• This framework is mounted on top of a yoke, which is in turn mounted on top of a pedestal. The combined height of the pedestal and yoke is just over 8 m. The height of the total structure is 19.5 m, and it weighs 42 tons.

  • The pedestal houses the antenna's pointing control system.

  • Mounted at the top of the pedestal, beneath the yoke, are an azimuth drive and a geared azimuth bearing, which allow the main and sub-reflectors, together with the receiver indexer, to be rotated horizontally. The yoke houses the azimuth wrap, which guides all the cables when the antenna is rotated, and prevents them from becoming entangled or damaged. The structure allows an observation elevation range from 15 to 88 degrees, and an azimuth range from -185 degrees to +275 degrees, where north is at zero degrees.

  • The steerable antenna positioner can point the main reflector very accurately, to within 5 arcseconds (1.4 thousandths of a degree) under low-wind and night-time observing conditions, and to within 25 arcseconds (7 thousandths of a degree) during normal operational conditions.

About MeerKAT - how it works

  • Electromagnetic waves from cosmic radio sources bounce off the main reflector, then off the sub-reflector, and are then focused in the feed horn, which is part of the receiver.

  • Each receptor can accommodate up to four receivers and digitisers mounted on the receiver indexer. The indexer is a rotating support structure that allows the appropriate receiver to be automatically moved into the antenna focus position, depending on the desired observation frequency.

  • The main function of the receiver is to capture the electromagnetic radiation and convert it to an voltage signal that is then amplified by cryogenic receivers that add very little noise to the signal. The first two receivers will be the L-Band and UHFBand Receivers.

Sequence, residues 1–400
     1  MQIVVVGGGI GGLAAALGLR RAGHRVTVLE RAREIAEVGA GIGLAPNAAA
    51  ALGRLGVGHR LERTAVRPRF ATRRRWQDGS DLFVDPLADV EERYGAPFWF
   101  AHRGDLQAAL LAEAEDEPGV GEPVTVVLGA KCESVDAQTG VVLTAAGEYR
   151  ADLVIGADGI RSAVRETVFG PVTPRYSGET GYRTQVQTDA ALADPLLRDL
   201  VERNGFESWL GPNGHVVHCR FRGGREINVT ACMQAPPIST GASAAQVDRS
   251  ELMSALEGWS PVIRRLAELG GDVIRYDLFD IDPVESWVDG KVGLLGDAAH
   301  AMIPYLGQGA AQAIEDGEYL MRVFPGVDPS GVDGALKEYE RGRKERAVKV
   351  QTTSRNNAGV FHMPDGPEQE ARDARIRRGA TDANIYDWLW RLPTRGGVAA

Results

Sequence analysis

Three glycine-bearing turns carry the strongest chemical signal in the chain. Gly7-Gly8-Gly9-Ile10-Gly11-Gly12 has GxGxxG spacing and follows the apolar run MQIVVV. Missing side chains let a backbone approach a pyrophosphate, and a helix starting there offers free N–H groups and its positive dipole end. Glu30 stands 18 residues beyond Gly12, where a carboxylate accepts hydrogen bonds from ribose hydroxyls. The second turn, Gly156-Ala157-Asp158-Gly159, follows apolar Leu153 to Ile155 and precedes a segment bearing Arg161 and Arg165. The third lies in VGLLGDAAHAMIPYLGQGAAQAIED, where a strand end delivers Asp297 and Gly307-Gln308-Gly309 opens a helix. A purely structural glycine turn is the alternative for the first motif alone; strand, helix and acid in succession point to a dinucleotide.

• Four digitisers will be mounted on the receiver indexer, close to the associated receivers. The function of the four digitisers is to convert the radio frequency (RF) voltage signal from the receiver into digital signals. This conversion is done by using an electronic component called an analogue to digital converter (ADC). The L-band digitiser samples at a rate of 1 712 million samples every second. (The amount of data that is generated by the digitiser for a receiver is equivalent to approximately 73 000 DVDs every day or almost 1 DVD per sec.)

  • Once the signal is converted to digital data, the digitiser sends this data via buried fibre optic cables to the correlator, which is situated inside the Karoo Array Processor Building (KAPB) at the Losberg site complex.

  • A total of 170 km of buried fi bre cables connect the receptors to the KAPB, with the maximum length between the KAPB and a single antenna being 12 km.

  • Thefi bre cables run inside conduits buried 1 m below the ground for thermal stability.

  • At the KAPB, the signals undergo various stages of digital processing, such as correlation - which combines all the signals from all the receptors to form an image of the area of the sky to which the antennas are pointing - and beam-forming, which coherently adds the signals from all the receptors to form a number of narrow, high sensitivity beams used for pulsar science. The science data products are also archived at the KAPB with a portion of the science archive data moved off site via fi bre connection and stored in Cape Town (with possibilities of reprocessing the data).

  • Time and frequency reference signals are distributed, via buried optical fi bres, to every digitiser on every receptor, so that they are all synchronised to the same clock. This is important to properly align the signals from all receptors.

  • The control and monitoring system is responsible for monitoring the health of the telescope and for controlling it to do what the operators want it to do. A large number of internal sensors (more than 150 000) monitor everything from electronic component temperatures to weather conditions and power consumption.

Why MeerKAT?

The telescope was originally known as the Karoo Array Telescope (KAT) that would consist of 20 receptors. When the South African government increased the budget to allow the building of 64 receptors, the team re-named it "MeerKAT" - ie "more of KAT". The MeerKAT (scientific name Suricata suricatta) is also a muchbeloved small mammal that lives in the Karoo region.

The KAT-7 precursor array has been constructed and is being used as an engineering and science prototype.